Emotionally Focused Therapy (EFT) sees emotional closeness, safety and intimacy at the core of a loving and meaningful relationship.

Developed by Dr. Sue Johnson in the 80’s, EFT has been acknowledged as one of the most thoroughly researched, clearly delineated,
and empirically validated approaches in the field of couple therapy.

What is EFT

Research studies find that after 12-20 sessions, 70-75% of couples move from distress to recovery, and 90% of couples show significant improvement. EFT has been shown to be an effective approach for couples coping with relational distress, infidelity, depression, chronic illness, grief and loss, and past trauma, across various cultures, with traditional and nontraditional families, and with gay and lesbian relationships.

When a relationship is in distress we tend to start a habitual ‘dance’ which Sue Johnson, the founder of Emotionally Focused Therapy for Couples, calls the Demon Dialogues. One person starts complaining and criticising and gets angry and the other starts defending and stonewalling. The couple get caught up in this negative dance which takes on a life of its own as it gains momentum, causing the partners to view each other as enemies.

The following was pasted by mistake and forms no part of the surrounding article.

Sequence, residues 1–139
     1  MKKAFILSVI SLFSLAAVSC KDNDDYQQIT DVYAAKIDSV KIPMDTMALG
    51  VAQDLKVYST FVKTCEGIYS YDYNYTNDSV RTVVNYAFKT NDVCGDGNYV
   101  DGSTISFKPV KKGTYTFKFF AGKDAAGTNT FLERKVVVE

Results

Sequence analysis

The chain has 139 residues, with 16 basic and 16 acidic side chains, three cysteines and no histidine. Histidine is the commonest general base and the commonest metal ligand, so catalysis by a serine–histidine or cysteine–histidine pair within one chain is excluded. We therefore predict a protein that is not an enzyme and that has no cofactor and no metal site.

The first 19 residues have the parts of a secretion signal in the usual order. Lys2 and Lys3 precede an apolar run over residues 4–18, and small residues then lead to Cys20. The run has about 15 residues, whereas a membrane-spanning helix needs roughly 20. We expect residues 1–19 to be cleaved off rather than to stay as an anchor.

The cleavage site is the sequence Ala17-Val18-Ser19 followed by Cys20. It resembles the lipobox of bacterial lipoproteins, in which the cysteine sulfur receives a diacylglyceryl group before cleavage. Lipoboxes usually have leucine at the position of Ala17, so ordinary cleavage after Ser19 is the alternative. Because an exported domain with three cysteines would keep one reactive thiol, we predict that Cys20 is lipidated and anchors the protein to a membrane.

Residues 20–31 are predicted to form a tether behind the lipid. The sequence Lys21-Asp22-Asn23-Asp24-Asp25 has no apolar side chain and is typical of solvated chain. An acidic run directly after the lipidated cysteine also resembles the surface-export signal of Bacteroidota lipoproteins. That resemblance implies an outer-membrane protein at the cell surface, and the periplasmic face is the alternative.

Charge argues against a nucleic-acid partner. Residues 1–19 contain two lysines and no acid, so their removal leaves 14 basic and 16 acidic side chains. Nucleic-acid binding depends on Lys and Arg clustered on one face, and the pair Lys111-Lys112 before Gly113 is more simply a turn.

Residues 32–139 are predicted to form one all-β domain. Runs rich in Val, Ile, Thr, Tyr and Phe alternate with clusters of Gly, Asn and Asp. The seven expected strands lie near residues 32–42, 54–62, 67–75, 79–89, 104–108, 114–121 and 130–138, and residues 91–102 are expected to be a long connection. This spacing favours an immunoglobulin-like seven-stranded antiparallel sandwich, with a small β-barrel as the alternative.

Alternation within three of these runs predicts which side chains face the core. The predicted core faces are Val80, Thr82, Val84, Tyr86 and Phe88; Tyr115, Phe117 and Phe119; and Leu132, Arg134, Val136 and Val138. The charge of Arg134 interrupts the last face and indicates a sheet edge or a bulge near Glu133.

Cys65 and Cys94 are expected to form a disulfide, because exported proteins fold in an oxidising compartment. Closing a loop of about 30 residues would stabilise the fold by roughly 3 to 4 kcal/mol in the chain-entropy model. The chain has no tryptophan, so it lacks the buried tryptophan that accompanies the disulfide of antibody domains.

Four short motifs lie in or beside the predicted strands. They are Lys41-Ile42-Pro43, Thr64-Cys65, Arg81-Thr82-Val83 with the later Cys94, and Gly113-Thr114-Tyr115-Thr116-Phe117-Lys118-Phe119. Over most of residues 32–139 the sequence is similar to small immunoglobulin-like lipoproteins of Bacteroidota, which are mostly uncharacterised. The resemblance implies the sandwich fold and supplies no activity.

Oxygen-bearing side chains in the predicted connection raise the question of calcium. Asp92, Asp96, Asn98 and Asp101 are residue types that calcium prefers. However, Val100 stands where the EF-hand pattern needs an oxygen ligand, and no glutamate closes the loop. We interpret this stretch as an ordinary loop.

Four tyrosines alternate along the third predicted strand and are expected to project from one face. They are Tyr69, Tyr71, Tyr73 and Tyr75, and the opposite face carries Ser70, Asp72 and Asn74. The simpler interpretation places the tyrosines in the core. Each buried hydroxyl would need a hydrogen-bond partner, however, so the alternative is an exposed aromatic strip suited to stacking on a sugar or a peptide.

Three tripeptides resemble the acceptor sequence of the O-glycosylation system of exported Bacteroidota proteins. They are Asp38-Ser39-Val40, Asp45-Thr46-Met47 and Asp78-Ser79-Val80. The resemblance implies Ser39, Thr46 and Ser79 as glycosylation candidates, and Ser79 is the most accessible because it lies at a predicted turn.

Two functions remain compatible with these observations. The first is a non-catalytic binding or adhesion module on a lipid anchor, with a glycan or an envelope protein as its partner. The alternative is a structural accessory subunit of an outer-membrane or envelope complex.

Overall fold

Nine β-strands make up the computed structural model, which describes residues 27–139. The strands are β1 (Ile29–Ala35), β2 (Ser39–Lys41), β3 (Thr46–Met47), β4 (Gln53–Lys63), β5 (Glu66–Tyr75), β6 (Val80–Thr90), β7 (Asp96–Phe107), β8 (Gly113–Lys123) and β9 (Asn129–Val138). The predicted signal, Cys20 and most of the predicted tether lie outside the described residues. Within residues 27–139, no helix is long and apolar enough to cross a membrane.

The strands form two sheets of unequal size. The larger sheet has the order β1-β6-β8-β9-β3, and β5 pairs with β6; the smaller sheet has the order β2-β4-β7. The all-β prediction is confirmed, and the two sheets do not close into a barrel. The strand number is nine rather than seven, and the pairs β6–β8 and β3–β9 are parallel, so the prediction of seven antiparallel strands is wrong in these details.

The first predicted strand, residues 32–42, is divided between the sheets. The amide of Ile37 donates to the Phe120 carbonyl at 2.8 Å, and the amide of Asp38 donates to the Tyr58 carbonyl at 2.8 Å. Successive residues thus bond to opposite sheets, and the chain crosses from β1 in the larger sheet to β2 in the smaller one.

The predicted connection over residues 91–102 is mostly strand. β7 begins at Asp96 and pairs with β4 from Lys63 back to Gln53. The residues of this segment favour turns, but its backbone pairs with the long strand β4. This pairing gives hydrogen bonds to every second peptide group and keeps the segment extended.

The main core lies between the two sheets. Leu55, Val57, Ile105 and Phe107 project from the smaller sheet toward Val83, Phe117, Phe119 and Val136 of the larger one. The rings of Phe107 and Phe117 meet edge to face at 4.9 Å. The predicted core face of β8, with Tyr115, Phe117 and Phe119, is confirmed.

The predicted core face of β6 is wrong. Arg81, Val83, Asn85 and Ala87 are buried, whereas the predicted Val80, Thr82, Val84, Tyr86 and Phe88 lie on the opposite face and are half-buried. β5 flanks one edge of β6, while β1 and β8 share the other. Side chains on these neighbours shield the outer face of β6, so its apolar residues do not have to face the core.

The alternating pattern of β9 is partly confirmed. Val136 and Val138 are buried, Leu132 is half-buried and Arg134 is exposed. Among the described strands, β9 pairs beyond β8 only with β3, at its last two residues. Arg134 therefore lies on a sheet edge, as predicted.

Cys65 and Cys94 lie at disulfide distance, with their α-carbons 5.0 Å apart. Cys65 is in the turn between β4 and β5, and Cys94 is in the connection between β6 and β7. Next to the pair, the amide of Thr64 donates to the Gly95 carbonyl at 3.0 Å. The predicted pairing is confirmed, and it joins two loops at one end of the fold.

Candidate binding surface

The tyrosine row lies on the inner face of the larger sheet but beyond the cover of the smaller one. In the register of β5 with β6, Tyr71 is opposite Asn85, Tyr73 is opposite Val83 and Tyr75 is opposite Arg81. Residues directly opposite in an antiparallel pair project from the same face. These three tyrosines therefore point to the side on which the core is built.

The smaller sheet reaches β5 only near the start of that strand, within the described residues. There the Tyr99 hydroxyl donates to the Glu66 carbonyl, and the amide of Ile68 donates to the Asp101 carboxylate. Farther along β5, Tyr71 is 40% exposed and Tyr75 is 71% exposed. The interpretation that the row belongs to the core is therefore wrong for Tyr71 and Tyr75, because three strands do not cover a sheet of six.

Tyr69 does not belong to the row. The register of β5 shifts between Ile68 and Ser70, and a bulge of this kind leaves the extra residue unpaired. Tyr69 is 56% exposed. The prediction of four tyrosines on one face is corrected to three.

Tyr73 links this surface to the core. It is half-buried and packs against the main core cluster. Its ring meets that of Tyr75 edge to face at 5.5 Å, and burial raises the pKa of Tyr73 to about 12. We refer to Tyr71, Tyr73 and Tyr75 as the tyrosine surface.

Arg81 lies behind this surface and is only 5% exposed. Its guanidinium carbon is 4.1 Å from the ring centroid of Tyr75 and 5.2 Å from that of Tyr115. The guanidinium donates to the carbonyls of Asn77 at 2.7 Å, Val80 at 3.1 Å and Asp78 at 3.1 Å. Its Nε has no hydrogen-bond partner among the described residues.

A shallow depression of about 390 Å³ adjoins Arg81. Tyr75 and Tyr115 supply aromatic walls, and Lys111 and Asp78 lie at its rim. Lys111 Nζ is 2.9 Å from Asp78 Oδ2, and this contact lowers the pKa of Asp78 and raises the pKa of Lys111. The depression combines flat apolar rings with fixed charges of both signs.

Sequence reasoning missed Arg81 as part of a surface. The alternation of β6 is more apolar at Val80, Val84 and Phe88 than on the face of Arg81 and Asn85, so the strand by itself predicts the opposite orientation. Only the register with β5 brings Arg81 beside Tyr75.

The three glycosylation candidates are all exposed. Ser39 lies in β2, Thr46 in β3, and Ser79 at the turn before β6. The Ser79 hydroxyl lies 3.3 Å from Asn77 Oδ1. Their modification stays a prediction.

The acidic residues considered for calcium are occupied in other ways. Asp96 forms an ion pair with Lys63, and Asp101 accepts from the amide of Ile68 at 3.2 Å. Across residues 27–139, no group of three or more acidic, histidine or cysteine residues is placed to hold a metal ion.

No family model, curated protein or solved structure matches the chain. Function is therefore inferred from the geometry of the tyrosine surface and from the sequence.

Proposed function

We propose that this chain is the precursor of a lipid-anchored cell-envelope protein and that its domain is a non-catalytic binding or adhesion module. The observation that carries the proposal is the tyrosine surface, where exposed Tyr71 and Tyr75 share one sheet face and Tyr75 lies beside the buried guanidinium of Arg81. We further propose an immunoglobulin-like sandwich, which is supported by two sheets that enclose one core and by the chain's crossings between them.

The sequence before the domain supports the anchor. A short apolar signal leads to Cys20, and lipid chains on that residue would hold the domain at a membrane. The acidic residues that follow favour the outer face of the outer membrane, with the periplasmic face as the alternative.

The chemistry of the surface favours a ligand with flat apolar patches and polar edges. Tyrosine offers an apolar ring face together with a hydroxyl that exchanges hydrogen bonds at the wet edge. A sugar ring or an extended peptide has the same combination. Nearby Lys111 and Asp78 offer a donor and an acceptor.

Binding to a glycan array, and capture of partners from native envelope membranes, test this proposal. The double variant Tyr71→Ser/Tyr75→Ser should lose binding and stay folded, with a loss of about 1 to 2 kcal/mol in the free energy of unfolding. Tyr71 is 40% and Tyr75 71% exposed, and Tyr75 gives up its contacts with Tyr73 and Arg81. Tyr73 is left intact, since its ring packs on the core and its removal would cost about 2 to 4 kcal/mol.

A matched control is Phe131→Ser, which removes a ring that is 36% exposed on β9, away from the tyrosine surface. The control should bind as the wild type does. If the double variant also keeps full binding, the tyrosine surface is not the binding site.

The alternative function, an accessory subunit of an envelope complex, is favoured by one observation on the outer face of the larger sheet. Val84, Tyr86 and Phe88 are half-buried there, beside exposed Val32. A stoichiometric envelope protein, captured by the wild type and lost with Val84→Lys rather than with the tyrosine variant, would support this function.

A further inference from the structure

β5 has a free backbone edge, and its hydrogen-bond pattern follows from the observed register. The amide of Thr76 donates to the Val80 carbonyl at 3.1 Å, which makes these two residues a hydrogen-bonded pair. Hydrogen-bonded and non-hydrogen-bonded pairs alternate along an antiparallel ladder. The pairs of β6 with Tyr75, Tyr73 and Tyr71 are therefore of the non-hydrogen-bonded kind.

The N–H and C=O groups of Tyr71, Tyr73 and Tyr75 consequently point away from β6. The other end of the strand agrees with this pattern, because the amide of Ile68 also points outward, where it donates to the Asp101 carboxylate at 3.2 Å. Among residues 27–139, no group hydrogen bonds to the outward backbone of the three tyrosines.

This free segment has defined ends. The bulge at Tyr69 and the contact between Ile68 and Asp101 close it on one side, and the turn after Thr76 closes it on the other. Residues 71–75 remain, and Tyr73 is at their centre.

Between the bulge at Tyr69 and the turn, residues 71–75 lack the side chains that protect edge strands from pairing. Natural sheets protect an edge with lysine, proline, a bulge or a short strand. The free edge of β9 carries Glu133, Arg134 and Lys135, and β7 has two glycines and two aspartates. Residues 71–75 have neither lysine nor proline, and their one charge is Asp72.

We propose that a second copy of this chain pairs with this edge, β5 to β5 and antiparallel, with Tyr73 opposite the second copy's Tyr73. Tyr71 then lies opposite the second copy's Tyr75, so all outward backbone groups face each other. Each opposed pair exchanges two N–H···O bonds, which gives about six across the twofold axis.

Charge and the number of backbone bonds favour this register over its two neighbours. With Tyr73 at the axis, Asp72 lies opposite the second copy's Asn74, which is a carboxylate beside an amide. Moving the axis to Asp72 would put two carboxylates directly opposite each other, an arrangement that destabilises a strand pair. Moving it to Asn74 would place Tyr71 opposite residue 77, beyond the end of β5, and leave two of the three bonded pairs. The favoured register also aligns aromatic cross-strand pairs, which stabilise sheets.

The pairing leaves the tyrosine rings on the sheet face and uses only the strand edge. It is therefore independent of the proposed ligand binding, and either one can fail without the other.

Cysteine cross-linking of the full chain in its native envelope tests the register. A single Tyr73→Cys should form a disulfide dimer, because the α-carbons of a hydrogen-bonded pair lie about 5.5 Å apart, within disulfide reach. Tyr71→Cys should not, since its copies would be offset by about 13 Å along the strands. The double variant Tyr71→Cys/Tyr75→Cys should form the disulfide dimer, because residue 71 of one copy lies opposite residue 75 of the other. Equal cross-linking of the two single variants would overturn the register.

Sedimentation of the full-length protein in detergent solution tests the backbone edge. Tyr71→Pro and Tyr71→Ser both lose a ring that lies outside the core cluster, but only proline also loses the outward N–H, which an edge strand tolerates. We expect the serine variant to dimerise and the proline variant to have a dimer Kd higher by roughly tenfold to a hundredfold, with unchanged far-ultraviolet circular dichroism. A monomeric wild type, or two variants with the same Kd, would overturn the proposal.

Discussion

EFT helps the partners identify their habitual patterns of blame and distancing and where the misunderstandings are.

They begin to appreciate their own and their partner’s vulnerability and to be able to speak a deeper truth of what they are feeling and needing in the relationship. EFT shows couples that love comes from feeling that your partner is emotionally available to you, that what is important can be shared and received and that you are special and important to them.​

Love Sense: from infant to adult